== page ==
McCamley, Claire (2016) Achieving competitiveness in an emerging heritage region; examining the role of trust as a critical antecedent to heritage tourism development. In: Global Marketing Conference 2016, 21st - 24th July, Hong Kong. (Unpublished)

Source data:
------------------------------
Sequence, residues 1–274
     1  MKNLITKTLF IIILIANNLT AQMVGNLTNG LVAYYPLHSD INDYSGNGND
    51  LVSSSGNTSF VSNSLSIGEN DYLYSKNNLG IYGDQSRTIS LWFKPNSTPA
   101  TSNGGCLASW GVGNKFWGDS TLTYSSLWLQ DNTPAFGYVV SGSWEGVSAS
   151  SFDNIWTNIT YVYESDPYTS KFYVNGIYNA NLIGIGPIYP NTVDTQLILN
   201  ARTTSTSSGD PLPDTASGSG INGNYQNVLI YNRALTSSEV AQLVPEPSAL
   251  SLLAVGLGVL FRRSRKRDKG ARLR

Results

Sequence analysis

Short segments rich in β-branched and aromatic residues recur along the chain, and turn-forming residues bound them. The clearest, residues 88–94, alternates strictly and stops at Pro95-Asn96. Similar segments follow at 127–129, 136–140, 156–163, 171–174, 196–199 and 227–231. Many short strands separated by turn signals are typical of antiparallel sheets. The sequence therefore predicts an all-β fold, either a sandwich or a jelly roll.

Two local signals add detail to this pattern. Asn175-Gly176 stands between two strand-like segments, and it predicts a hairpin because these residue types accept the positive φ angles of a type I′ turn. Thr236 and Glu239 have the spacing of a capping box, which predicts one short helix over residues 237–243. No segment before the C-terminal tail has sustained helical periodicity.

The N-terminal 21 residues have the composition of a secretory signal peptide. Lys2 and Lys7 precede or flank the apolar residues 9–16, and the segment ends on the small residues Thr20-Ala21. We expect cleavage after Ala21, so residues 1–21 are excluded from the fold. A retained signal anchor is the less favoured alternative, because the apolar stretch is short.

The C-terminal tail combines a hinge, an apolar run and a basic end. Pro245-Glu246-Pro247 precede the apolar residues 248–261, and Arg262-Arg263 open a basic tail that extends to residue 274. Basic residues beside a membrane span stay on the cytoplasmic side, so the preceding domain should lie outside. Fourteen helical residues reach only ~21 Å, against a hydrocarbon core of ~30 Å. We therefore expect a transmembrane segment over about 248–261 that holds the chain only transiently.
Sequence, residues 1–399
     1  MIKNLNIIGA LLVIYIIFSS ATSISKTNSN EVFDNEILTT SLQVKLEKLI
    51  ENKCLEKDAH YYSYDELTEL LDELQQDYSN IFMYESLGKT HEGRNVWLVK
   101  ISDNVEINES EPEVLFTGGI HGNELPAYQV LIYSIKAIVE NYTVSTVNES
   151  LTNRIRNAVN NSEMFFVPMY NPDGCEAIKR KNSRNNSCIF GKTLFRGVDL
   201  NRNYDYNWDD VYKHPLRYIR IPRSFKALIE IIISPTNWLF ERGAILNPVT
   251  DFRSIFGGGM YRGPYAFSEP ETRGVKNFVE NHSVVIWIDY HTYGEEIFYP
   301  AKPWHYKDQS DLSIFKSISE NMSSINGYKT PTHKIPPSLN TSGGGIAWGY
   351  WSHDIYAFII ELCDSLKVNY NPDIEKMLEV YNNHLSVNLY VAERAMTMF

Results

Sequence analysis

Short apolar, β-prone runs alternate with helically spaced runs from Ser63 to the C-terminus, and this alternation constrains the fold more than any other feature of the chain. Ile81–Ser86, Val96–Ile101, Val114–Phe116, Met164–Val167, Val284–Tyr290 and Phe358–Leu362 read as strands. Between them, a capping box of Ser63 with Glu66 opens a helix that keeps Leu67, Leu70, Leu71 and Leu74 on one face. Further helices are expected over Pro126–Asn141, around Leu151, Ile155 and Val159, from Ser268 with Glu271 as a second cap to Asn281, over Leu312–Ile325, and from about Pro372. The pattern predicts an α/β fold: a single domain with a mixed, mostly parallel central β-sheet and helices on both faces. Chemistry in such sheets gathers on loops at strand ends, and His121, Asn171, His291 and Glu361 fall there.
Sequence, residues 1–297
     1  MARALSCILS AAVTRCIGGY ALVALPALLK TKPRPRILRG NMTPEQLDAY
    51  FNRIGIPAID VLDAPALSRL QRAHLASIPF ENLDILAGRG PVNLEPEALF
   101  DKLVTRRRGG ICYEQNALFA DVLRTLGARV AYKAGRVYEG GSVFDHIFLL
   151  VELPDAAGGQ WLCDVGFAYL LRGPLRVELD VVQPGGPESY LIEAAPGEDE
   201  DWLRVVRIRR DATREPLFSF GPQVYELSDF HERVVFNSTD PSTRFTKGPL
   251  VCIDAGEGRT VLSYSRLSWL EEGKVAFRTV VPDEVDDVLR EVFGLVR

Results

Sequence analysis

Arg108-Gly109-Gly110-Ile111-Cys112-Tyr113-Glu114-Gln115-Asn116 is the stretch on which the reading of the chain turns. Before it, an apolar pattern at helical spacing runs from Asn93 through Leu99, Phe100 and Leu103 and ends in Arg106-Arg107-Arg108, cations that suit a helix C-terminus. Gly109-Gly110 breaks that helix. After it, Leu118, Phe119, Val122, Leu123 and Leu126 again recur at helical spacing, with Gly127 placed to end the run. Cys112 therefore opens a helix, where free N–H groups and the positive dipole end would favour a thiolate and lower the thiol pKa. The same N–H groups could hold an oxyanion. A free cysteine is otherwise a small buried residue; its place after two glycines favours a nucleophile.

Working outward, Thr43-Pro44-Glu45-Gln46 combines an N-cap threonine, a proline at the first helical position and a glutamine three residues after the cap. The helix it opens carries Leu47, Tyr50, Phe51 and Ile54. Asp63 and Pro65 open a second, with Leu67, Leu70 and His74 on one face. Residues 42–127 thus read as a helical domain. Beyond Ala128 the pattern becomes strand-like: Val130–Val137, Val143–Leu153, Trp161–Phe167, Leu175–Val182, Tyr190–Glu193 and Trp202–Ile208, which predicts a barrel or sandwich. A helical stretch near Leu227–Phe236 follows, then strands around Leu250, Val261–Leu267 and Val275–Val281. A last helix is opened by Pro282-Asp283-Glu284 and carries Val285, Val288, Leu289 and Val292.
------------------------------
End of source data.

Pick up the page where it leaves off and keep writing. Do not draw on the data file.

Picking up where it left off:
The paper examines the role of trust in an emerging heritage tourism region. The heritage tourism system is conceptualised as a supply chain; a series of interactions between key stakeholders in order to develop a composite tourist product. Social Exchange Theory (SET) is used as a theoretical lens with which to examine this area. Various stakeholders involved in the heritage tourism supply chain have respective roles and responsibilities and SET posits that upon entering interactions, both parties will have a cost and a reward; perceptions of cost and benefit will influence the interaction. Trust is critical to this interaction given the social and political context of tourism. Two heritage-based regions were examined using a case study approach. In-depth interview were carried out with key informants and private and community sector stakeholders. Key findings suggest that trust is indeed integral to the success of exchanges between key stakeholders. Trust is dependent on several factors, including the delivery of essential tourism infrastructure, active engagement in consultative processes and confidence in public sector actions. Reduction in levels of trust leads to a reaction by the private sector which may diminish competitiveness.

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